Sunday, November 13, 2005
Lilly . Bird
There was once a lily that stood quite apart, near a little running brook, and was well acquainted with some nettles as well as a few other small flowers there in the neighborhood. The lily was, according to the Gospel's veracious description, more beautifully arrayed than Solomon in all his glory, besides being carefree and happy the whole day long....
But it happened one day that a little bird came and visited the lily; it came again the next day, and then it remained away for several days before it came again; which impressed the lily as being strange and inexplicable, inexplicable that the bird should not stay in the same place, like the small flowers--strange that the bird could be so capricious. But as so often happens, so too it happened to the lily, that because the bird was so capricious, the lily fell more and more in love with it.
This little bird was a bad bird; instead of putting itself in the place of the lily, instead of rejoicing with it in its beauty and innocent happiness, the bird wished to make itself important by feeling its own freedom, and by making the lily feel its bondage. And not only this, the little bird was also talkative, and it would tell all kinds of stories, true and false, about how there were, in other places, very unusually magnificent lilies in great abundance; how there were joy and gaiety, fragrance, brilliant coloring, a song of birds, which far surpassed all description.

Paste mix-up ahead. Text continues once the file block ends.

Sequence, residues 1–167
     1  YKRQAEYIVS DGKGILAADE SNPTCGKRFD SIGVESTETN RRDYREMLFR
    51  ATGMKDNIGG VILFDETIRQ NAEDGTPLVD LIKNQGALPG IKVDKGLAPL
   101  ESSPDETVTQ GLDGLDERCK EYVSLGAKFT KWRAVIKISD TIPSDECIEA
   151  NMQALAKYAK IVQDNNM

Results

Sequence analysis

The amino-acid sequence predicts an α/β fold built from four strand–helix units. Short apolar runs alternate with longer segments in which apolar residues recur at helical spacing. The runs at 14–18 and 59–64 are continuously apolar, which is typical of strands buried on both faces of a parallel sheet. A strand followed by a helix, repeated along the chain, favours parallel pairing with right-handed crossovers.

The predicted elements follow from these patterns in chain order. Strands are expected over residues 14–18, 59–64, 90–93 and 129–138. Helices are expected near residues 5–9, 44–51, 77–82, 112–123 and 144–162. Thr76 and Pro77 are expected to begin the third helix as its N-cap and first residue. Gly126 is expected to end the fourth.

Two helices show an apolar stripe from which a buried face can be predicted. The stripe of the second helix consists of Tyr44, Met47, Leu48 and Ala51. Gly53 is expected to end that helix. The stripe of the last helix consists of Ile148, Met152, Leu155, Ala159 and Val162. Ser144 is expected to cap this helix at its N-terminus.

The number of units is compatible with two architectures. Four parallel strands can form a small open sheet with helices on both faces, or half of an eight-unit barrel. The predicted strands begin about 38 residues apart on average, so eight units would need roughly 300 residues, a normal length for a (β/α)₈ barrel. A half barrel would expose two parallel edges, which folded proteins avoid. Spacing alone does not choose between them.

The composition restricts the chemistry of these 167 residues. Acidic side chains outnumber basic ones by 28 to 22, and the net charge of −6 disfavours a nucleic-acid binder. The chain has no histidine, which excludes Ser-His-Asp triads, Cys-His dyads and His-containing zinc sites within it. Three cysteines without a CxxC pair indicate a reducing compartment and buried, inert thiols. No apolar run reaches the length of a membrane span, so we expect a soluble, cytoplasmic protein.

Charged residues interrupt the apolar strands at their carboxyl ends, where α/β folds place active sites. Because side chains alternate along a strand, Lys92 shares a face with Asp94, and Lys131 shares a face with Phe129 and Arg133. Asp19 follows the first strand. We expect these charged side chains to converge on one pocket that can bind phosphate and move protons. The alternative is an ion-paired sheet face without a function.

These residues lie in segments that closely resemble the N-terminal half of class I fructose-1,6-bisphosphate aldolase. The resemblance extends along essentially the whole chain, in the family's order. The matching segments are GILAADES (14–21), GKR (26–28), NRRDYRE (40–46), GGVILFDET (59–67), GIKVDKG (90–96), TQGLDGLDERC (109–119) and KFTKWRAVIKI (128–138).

So the lily became troubled; the more it listened to the bird the more troubled it became.... Now it began to occupy itself with itself and with the circumstances of its life in its self-concern--so long was the day.... Said the lily, "My wish is not an unreasonable desire; I do not ask the impossible, to become what I am not, a bird, for example; my desire is only to become a splendid lily, or even the most splendid one.
At last it confided absolutely in the bird. One evening they agreed that the next morning a change should take place that would put an end to the concern. Early the next morning came the little bird; with its beak it cut the soil away from the lily's roots, so that it might thus become free. When this was accomplished, the bird took the lily under its wing and flew away. The intention was, of course, that the bird would take the lily to where the magnificent lilies bloomed; then the bird would again assist in getting it planted down there, to see if, through the change of soil and the new environment, the lily might not succeed in becoming a magnificent lily in company with the many, or possibly even an imperial lily, envied by all the others.
Alas, on the way the lily withered. If the discontented lily had been satisfied to be lily, then it would not have become concerned; if it had not become concerned, then it would have remained standing where it was--where it stood in all its beauty; had it remained standing, then it would have been precisely the lily about which the preacher spoke on Sunday, when he repeated the Gospel's words: "Consider the lily.... I say unto you that even Solomon in all his glory was not arrayed like it."
And if a man, like the lily, is satisfied with the fact of being human, then he does not become ill from temporal concern; and if he does not become temporally concerned, then he continues to stand in the place appointed to him; and if he remains there, then it is truly so, that through being human he is more glorious than the glory of Solomon.
- posted by -g @ 6:49 PM | | 2 rocks in pond
O SON OF SPIRIT!
By 8:08 PM, at
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